Henry Imler retweeted a post today giving a defense of hell from the Arminian point of view. Randal Rauser argues that Calvinism means God isn't all-good, because in Calvinism there's no possibility of the reprobate (i.e. those predestined to hell) avoiding hell.
This strikes me as extremely odd reasoning. The idea is that Arminianism is better than Calvinism because of what happens in non-existent possible worlds, rather than having anything to say about the justice of hell in the actual world. Arminians believe that all the people going to hell have non-existent counterparts in non-existent possible worlds who didn't go to hell. Calvinists believe there are no possible worlds where those people avoid hell. So on one view you have non-existent people in non-existent worlds going to hell, and in the other view you have the same non-existent people in some (but not all) non-existent worlds not going to hell. I guess somehow the non-existent people in some of the worlds that don't exist not going to hell makes the view better than if the non-existent people were in hell in those non-existent worlds. I'm not getting it. Wouldn't be better just to argue for the justice of hell in the actual world?
That's even ignoring my huge quibble with how compatibilism is often framed as not allowing alternative possibilities. I'm perfectly fine with talking about contra-causal possibilities. If my free actions are fully explainable in terms of things in this world, I can still speak of possible worlds where things go differently because of different causes, and it's not as if it wouldn't have been me if the explanations for what I do had been different and I did different things. So why couldn't a Calvinist believe someone actually reprobate could have been elect and someone actually elect could have been reprobate? I would expect most Calvinists to say exactly that, in fact.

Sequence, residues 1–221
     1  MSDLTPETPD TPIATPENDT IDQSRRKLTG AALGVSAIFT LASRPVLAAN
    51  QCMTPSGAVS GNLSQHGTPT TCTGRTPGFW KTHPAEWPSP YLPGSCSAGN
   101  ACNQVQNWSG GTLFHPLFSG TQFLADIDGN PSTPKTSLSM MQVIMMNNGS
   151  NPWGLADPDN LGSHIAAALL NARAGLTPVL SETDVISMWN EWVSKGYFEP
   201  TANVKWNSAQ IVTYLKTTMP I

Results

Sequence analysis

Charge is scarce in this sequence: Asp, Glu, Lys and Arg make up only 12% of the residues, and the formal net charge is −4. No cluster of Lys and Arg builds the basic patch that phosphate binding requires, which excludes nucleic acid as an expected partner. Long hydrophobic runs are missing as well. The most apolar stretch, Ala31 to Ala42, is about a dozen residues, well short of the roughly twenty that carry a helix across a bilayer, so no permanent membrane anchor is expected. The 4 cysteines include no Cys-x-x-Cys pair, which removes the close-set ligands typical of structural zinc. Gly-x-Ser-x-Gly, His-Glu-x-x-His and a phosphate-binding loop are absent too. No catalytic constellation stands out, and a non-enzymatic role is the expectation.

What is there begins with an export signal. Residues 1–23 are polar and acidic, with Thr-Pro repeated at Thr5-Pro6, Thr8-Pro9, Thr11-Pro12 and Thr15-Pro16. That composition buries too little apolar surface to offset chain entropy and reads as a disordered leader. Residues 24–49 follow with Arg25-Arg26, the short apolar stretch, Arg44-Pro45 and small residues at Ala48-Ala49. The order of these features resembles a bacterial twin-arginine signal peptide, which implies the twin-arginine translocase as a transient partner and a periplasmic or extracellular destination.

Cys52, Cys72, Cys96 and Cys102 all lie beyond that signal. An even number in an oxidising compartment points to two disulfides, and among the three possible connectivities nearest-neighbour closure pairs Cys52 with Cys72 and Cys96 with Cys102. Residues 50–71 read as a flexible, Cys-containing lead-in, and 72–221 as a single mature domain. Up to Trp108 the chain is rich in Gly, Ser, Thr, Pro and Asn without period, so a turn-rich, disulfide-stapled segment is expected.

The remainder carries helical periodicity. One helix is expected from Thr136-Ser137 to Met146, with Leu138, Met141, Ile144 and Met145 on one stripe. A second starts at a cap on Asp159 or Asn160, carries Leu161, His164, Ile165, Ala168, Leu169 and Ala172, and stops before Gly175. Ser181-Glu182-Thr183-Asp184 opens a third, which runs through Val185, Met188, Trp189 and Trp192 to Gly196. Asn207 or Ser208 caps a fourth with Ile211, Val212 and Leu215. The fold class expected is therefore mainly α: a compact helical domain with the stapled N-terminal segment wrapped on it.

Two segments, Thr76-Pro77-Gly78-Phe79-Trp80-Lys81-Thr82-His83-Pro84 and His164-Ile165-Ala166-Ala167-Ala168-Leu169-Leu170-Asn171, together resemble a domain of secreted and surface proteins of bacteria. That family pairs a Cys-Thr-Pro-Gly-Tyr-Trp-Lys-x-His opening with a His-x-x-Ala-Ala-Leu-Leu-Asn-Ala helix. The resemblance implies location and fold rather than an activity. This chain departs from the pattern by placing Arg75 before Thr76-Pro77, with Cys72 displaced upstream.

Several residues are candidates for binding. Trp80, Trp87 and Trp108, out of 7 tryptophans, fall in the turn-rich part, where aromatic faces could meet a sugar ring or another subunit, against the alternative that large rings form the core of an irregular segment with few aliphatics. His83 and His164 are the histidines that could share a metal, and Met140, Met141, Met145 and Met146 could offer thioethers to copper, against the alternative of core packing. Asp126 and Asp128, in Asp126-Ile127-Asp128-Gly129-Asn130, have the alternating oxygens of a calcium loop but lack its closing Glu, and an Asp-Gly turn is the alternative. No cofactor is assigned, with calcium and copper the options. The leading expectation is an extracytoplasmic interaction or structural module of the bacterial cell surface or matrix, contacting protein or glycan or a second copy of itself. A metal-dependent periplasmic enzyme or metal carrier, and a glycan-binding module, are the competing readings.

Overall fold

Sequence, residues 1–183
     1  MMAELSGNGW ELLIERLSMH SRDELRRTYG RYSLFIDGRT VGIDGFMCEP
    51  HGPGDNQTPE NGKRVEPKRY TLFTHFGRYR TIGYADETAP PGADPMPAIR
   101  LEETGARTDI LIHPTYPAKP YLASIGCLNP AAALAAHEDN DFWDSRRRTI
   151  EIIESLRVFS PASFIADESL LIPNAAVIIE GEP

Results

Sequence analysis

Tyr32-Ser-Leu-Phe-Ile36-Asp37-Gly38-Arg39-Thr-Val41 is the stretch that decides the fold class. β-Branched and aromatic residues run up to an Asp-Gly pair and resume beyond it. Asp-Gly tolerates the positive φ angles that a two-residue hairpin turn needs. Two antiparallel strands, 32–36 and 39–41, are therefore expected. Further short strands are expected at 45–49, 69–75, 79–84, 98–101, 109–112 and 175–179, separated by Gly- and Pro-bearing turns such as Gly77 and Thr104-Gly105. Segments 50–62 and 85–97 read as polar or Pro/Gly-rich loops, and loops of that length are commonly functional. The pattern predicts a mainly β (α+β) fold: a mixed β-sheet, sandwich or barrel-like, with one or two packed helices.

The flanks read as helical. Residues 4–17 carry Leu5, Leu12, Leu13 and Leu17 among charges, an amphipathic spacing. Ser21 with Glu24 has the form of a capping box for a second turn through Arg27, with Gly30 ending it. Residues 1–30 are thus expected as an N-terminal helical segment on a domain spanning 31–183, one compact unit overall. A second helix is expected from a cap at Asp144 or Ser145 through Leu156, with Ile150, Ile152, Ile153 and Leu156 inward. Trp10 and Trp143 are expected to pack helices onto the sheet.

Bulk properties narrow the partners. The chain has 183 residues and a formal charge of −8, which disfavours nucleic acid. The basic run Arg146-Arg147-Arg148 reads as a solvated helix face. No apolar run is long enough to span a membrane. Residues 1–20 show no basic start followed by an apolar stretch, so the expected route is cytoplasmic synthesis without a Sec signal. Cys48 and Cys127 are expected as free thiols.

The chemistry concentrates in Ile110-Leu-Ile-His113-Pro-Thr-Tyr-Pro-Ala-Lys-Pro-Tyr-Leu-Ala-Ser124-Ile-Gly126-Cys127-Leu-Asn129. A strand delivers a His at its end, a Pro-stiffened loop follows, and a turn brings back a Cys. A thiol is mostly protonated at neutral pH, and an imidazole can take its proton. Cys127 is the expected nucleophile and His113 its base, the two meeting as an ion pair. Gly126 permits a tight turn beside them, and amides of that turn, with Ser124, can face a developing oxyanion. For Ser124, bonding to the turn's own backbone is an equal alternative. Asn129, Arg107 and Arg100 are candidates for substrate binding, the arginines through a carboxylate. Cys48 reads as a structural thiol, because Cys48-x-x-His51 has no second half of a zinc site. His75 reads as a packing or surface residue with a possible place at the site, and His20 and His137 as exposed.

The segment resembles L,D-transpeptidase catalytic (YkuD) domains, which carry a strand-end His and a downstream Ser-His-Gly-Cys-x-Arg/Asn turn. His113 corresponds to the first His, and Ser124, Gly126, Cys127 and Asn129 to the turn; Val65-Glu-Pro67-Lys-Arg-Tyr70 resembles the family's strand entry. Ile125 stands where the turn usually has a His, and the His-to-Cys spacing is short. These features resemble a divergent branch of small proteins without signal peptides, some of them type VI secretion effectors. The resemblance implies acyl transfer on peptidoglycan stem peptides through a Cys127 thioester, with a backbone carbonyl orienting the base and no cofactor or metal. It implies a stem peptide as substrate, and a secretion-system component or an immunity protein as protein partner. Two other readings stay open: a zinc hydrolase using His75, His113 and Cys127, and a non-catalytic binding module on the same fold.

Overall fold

I also have problems with the use of James Rachels. Rachels thinks the following two cases are morally equivalent:
1. Planning out a murder, arriving on the scene, and killing the person.
2. Planning out a murder, arriving on the scene, finding them dying a preventable death, and standing their grinning watching them die.
I'm not sure how that distinction is relevant, because this is being compared to:
3.The hyper-Calvinist view where God actually delights in the person's eternal suffering itself and wants no good for them
4. The Calvinist view where God doesn't delight in the death of the wicked but has reasons for allowing the natural consequences of their wickedness to take their course in not regenerating them and letting them be wicked for eternity around other wicked people and not around God and his moderating influence. (This is not the only conception of hell, but I think it's the best one, and it has a pretty prominent proponent in Augustine.) Their own choices lead to their destruction, even if it's also true that those choices were part of God's plan. And God has motives for allowing it (just as God does on the Arminian model; you need open theism to avoid this, but open theism hardly solves the problem of evil).
Notice that 3 and 4 have contrary motivations, where 1 and 2 do not.